This paper documents three stylized facts for the quarterly unemployment rate in the United States. Firstly, unemployment is asymmetric over the business cycle, i.e. it rises sharply in recessions and it falls slowly in expansions. Secondly, its seasonal fluctuations are not constant across the two business cycle stages in the sense that there is less seasonality in recession periods. Thirdly, the effect of shocks to the unemployment rate in expansions seem transitory, while this effect is permanent in recessions. Some implications of these stylized facts for empirical macroeconomics and seasonal adjustment are discussed.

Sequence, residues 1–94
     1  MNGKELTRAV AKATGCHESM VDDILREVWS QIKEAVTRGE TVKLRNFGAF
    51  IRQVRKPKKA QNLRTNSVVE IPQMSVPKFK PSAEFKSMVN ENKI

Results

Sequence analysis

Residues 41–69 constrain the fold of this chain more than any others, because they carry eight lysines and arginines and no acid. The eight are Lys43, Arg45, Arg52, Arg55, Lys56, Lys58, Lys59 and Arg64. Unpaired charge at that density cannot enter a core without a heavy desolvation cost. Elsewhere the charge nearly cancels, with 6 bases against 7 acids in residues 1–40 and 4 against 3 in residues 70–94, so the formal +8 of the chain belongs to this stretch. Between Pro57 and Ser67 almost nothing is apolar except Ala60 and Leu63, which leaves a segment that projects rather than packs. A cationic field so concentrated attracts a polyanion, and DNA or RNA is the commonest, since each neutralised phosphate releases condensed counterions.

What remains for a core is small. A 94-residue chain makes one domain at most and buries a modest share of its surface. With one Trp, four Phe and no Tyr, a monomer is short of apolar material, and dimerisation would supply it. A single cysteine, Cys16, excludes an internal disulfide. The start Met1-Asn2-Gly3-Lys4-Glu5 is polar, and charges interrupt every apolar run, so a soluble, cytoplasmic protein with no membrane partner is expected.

Additional Metadata
Keywords USA, business cycles, seasonality, unemployment rates
JEL Time-Series Models; Dynamic Quantile Regressions (jel C22), Employment; Unemployment; Wages (jel E24)
Persistent URL dx.doi.org/10.1007/BF01206066, hdl.handle.net/1765/2091
Journal Empirical Economics: a quarterly journal of the Institute for Advanced Studies, Vienna
Citation
Franses, Ph.H.B.F. (1995). Quarterly U.S. unemployment: cycles, seasons and asymmetries. Empirical Economics: a quarterly journal of the Institute for Advanced Studies, Vienna, 20(4), 717–725. doi:10.1007/BF01206066